As a means of compensating for a drop in export orders due to the impact of the novel coronavirus (COVID-19) epidemic, several local textile and garment businesses are striving to seize upon opportunities brought about by the EU-Vietnam Free Trade Agreement (EVFTA)
Vietnam raked in US$19.2 billion from exporting garments and textiles during the opening eight months of the year, representing a year-on-year decline of 11.6%, according to the Vietnam Textile and Apparel Association.
According to the HCM City Association of Garment Textile Embroidery and Knitting, the number of export orders in the southern city witnessed a sharp fall of approximately 25% in April, and over 30% in May, with figures predicted to continue falling during the second half of the year.
At present, the entire sector’s inventory rate remains high at up to 118.7%, with roughly 20% of textile enterprises being forced to suspend their operations, while the remaining businesses have to lay off a large number of workers and restructure their production activities.
Furthermore, the complicated nature of the COVID-19 epidemic has exerted a range of negative impacts on the sector’s export markets, with global purchasing power in general plummeting, while a series of well-known fashion brands such as Brook Brother, New York & Co, and JCPenny have declared bankruptcy.
Currently, local textile and apparel firms must reach a total of US$7 billion in export orders in order to achieve the export turnover target of last year, with the EVFTA being considered the best opportunity in which local firms can fulfill their goals.
To take full advantage of the trade pact, local businesses have to take into consideration key factors such as prices, fast delivery, and tax incentives presented by the EVFTA in order to compete with strong rivals from Bangladesh and Turkey.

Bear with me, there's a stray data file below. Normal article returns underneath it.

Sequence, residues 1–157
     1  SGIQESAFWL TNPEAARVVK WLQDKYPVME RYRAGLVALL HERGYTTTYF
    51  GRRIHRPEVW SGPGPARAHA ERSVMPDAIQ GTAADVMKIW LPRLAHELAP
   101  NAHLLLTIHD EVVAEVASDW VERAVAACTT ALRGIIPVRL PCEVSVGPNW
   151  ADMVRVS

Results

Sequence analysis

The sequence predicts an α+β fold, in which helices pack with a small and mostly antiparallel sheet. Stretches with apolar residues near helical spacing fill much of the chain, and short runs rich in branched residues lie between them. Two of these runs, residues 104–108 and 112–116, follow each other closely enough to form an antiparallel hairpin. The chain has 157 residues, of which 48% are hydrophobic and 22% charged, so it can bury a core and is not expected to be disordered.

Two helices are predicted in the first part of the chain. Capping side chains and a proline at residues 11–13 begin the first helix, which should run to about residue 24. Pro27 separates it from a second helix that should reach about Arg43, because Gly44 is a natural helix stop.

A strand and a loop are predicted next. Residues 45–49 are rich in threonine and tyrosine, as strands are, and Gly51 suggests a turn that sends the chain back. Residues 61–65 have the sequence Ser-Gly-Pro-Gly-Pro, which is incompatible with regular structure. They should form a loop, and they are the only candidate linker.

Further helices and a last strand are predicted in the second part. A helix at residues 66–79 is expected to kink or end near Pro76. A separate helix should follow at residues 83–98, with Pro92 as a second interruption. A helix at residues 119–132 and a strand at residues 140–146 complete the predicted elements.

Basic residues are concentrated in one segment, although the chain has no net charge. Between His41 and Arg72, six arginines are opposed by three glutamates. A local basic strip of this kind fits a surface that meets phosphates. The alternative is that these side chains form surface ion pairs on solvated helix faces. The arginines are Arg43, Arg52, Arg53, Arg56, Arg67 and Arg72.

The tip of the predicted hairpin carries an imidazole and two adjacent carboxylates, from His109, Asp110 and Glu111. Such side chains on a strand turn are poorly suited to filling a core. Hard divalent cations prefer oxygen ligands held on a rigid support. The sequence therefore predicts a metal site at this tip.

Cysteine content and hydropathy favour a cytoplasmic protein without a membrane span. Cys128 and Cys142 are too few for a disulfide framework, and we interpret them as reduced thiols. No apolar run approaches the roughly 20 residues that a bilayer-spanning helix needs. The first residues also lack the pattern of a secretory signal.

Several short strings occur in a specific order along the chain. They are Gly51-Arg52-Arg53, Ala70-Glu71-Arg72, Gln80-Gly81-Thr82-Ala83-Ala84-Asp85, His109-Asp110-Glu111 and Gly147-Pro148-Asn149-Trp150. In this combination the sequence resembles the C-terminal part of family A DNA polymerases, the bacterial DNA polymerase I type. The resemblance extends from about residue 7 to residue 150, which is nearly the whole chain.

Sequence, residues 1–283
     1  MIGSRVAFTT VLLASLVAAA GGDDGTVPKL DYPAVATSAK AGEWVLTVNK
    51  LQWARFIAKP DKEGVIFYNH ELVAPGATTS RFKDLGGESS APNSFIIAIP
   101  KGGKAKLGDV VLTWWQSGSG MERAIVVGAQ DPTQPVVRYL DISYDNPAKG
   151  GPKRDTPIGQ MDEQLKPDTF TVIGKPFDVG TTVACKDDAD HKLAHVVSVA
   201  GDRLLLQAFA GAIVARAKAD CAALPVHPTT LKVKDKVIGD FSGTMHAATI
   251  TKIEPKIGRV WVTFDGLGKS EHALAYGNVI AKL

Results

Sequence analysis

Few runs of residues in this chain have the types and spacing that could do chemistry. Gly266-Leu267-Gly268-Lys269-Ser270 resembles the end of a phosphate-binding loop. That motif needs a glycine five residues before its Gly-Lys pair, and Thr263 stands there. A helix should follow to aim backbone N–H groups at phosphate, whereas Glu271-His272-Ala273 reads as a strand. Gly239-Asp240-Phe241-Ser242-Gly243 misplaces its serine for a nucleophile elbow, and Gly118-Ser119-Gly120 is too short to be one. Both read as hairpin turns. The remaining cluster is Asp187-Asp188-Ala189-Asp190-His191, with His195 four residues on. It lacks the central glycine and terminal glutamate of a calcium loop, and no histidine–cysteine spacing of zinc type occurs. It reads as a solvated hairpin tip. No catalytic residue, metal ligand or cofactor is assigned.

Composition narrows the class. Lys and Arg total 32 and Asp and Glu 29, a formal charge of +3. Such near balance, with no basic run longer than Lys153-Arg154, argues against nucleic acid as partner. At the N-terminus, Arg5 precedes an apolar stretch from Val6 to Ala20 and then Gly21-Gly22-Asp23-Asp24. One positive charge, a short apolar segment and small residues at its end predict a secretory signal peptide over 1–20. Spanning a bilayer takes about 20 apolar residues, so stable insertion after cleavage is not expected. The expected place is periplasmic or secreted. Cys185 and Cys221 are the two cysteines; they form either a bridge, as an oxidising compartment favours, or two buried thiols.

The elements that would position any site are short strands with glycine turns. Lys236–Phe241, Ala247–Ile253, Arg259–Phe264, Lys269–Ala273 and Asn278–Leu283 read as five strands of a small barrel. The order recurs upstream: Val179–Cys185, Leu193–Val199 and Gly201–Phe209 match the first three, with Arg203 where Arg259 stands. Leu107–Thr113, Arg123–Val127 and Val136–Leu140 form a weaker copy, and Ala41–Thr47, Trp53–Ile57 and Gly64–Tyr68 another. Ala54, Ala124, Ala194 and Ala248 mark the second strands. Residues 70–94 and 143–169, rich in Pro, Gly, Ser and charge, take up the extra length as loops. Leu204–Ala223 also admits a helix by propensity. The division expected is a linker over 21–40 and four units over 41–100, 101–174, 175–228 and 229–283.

With regard to rapid delivery requirements, aside from improving logistic capacity, there should be improvements in simplifying administrative procedures and reducing the clearance time faced by export businesses.
Moreover, the domestic textile and garment sector must be proactive to use import materials from countries that have signed FTAs with the nation and the EU, therefore making use of preferential tariffs due to flexible rules of origin stated within the EVFTA.
The industry has therefore been advised to shift to supply high-tech garment and textile products, including protective clothing, sports, and medical equipment.
The Import-Export Department under the Ministry of Industry and Trade said that between August 1 and August 31, authorised organisations have granted over 7,200 sets of C/O form EUR.1 with a total turnover reaching US$277 million to 28 EU member states.
Major items granted C/O form EUR.1 consist of footwear, seafood, plastics, coffee, textiles, bags, suitcases, vegetables, rattan, and bamboo products while the import markets mainly serve as the EU’s transit hubs, including Belgium, Germany, the Netherlands, and France.
Most notably, many shipments have arrived in the EU market and received customs clearance while simultaneously enjoying preferential tariffs.
Source: Customs News